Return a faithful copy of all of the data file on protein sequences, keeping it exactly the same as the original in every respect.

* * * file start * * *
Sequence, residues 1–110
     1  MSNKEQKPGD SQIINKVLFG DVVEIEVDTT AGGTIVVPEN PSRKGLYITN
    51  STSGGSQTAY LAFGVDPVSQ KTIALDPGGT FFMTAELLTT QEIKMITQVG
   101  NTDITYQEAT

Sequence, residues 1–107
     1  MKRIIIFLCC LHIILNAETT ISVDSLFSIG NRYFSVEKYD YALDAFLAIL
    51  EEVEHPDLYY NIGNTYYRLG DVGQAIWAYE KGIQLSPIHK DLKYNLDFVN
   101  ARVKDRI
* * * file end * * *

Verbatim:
Sequence, residues 1–110
     1  MSNKEQKPGD SQIINKVLFG DVVEIEVDTT AGGTIVVPEN PSRKGLYITN
    51  STSGGSQTAY LAFGVDPVSQ KTIALDPGGT FFMTAELLTT QEIKMITQVG
   101  NTDITYQEAT

Sequence, residues 1–107
     1  MKRIIIFLCC LHIILNAETT ISVDSLFSIG NRYFSVEKYD YALDAFLAIL
    51  EEVEHPDLYY NIGNTYYRLG DVGQAIWAYE KGIQLSPIHK DLKYNLDFVN
   101  ARVKDRI